I think I should pay heed to these valuable advises more and implement these changes to help me with this course. One additional change that I would like to make is to stop procrastinating. I find this like a “drug” because it is easier said than done. But hopefully I will try to get this rid of my system so that I can organize my work in a timely fashion and do my best by implementing the advises and studying well for this course.

  10. after reading all the responses about this course, i saw that many of the past students emphasize in understanding the concept of algebra. i feel that this is very important since many of the past students have mention that if one doesn’t understand algebra with ease, one will make common mistakes. i also feel that if one practice and does all the hw’s one will be able to understand the material, day by day. i feel that these two things i mention are relevant to me because i am the kind of person that doesn’t take practice into consideration,i am a person that waits two days before an exam to “study”. i also am a person that thinks i don’t need to review my algebra because “it’s easy”.
    with the advice from the past students i would try tochange my personality and put more emphasis in practice and take every thing i learn in my past math courses serious, especially algebra, i will retouch this material.

  11. In my opinion, the most relevant advice was from Albina Yevdayeva. I find it most relevant because she’s shares her experience’s from day one of the class to the end. From what she said, I believe that the best way to pass this course is to take the time to memorize all the connotations and take my time when i do the homework. I can relate to her experience because in my second day of class I did found myself looking back at my notes just to understand the question; due to the fact that I didn’t know the connotation. Also from her statement, “each topic is like a ring, which at the end can give you a nice necklace,” tells me that it best to have a complete understanding of the subjects taught early on because it will be the basis of answering future. Unlike other math course i’ve taken in the past where i just had to memorize things, I plan to take the time to try to get a clear understanding of each topic that is taught in this course by taking my time doing the homework, asking questions, and forming study groups when I need to.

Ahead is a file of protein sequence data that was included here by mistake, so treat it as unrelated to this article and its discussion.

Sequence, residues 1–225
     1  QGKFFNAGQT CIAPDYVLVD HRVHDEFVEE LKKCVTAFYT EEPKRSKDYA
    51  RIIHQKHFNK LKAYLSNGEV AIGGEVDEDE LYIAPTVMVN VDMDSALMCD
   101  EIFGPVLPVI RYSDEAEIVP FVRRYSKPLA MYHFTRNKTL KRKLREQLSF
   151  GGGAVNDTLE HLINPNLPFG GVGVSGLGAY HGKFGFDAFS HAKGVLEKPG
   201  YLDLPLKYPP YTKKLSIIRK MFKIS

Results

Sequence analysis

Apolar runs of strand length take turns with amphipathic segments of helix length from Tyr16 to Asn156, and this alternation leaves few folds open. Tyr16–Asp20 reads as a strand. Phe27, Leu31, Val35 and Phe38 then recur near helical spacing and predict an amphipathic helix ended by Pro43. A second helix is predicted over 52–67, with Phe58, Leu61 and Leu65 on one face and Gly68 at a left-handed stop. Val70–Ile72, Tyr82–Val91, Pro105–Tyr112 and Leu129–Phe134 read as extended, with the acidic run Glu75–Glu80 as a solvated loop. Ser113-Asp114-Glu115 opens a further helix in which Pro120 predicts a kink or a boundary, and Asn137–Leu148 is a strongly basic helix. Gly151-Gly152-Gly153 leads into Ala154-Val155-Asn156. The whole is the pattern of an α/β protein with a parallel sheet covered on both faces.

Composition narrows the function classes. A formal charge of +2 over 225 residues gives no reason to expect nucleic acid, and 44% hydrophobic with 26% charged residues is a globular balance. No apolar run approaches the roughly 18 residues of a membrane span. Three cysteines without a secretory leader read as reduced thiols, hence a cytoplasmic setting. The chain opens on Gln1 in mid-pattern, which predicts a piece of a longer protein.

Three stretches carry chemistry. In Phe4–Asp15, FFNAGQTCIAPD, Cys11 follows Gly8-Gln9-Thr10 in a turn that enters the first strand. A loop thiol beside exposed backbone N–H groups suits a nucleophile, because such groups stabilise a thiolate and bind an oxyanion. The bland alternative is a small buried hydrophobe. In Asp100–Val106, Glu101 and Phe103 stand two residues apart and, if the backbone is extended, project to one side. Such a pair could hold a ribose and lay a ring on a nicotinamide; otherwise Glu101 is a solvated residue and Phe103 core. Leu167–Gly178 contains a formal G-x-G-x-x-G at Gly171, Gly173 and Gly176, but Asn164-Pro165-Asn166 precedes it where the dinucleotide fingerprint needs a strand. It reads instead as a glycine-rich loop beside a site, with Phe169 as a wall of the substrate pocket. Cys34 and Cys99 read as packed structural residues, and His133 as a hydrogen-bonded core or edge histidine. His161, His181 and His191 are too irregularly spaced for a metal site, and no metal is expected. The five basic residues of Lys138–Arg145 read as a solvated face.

1. I liked Albina’s necklace quote also – and the fact that it stands out makes me think about the power of a simple image in helping people remember an idea. This is something for me (and you all!) to think about in our teaching, when we are trying to find ways to get ideas to stick in peoples’ heads.

  12. I agree with the student from last year called ibrahimadam193 saying that getting tons of practice is needed. Because learning math cannot become success without doing problems by one’s own. Understanding about what professors said during the class and reading the textbook are only the first step of studying math courses. When people start doing problems their own, questions will come up. And solving questions is the most important part of studying mathematics.